Developer says no legal basis for city of Charlottetown to halt housing project

·2 min read
Developer Tim Banks says there's no basis for the stop-work order city officials issued last week for his Sherwood Crossing project. (Kirk Pennell/CBC - image credit)
Developer Tim Banks says there's no basis for the stop-work order city officials issued last week for his Sherwood Crossing project. (Kirk Pennell/CBC - image credit)

A P.E.I. developer is considering legal action after the city of Charlottetown halted construction at a major housing development project until more meetings can be held.

The city issued a stop-work order the week of Aug. 16 for Sherwood Crossing, a development near the Charlottetown Mall that is estimated to be worth $95 million. Work on phase 1 of construction, which would see 18 townhouses built out of a planned 36, was then halted.

"Staff will continue to monitor this property to ensure that no unauthorized work activity is occurring on the site," Alex Forbes, the city's manager of planning and heritage, said in a statement to CBC News.

The city says the development didn't have a valid building permit.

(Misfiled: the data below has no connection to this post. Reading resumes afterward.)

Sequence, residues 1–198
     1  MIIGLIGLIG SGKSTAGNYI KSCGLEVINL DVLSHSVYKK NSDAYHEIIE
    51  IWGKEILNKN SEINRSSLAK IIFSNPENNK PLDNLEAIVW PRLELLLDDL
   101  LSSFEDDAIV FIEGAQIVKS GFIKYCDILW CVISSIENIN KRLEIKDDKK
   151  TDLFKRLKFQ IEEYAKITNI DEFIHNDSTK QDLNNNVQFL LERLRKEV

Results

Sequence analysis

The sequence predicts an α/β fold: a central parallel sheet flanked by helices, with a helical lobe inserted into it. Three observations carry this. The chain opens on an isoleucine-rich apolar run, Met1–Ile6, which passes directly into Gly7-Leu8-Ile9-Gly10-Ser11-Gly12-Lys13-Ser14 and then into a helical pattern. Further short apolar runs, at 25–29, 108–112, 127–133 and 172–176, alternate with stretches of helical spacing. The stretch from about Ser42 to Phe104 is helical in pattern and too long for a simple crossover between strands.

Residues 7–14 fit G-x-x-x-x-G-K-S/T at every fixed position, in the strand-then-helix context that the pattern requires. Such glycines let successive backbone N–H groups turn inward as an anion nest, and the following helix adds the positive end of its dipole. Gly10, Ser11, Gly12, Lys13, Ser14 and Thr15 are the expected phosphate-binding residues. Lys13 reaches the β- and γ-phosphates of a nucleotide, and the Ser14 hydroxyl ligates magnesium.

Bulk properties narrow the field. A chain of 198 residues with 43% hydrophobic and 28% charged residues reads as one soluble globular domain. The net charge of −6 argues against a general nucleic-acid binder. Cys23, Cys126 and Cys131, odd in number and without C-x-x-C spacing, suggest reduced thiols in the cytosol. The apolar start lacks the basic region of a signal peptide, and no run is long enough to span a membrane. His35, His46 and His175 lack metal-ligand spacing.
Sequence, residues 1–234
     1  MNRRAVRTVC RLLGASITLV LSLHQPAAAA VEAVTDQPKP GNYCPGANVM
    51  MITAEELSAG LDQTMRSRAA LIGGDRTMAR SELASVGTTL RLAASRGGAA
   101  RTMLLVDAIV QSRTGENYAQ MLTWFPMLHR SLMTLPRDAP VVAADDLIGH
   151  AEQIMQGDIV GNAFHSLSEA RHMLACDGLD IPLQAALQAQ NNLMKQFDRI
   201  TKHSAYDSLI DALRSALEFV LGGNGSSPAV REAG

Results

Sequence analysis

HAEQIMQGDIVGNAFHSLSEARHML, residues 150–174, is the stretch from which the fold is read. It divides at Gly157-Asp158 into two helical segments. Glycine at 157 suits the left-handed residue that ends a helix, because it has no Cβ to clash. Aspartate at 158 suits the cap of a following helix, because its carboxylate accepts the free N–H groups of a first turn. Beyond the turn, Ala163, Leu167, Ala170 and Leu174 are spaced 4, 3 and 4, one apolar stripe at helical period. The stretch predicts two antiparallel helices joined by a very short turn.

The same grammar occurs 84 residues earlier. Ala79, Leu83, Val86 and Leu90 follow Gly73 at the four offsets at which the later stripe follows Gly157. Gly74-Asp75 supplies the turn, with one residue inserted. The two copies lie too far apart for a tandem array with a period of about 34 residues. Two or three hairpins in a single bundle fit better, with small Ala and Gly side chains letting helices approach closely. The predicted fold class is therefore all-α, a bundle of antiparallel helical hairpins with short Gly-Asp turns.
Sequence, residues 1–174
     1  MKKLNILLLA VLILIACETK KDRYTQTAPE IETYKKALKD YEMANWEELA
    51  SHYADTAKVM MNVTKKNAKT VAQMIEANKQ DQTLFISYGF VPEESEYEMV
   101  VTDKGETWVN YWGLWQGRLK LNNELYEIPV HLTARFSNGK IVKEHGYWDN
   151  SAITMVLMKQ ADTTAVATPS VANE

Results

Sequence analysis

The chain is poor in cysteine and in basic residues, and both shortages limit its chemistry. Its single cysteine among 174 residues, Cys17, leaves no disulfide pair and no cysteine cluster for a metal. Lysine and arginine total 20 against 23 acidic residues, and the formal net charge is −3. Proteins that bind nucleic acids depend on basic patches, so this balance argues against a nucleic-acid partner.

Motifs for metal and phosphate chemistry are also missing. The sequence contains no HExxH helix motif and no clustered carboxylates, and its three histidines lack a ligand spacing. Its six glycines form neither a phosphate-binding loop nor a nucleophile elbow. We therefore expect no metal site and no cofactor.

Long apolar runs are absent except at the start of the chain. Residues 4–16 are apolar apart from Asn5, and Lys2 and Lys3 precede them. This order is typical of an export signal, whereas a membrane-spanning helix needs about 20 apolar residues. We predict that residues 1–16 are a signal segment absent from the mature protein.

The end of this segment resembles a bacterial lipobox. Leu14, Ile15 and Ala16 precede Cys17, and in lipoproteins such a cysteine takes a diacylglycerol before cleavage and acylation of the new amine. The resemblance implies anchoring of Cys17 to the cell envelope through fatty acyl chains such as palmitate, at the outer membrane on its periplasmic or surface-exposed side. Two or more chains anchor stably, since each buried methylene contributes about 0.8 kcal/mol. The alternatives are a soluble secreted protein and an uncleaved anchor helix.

Kirk Pennell/CBC
Kirk Pennell/CBC

Pan American Properties president Tim Banks, who partnered with Killam Apartment REIT on the project, says they decided to add basements and upgrade the exterior look of the townhouses to include brick.

The city says the changes mean another review of the project must take place before construction can proceed. But Banks says there is no legal basis for the stop-work order.

"They agreed that we could start construction as long as we presented them with the plans and the application fees and the application themselves for the building permits, which we did," Banks said. "And the city could easily issue us a foundation permit. It's done on 90 per cent of the projects of this scale in the city."

Forbes said in a statement that a building permit for the project can't be issued until the city council "approves the revised architectural design of the proposed townhouses."

The revision to the project is one of the items on the agenda for a public meeting planned for Tuesday night at 7 p.m.

The matter must then go back before the council so that it can make a final decision on whether a building permit should be issued.

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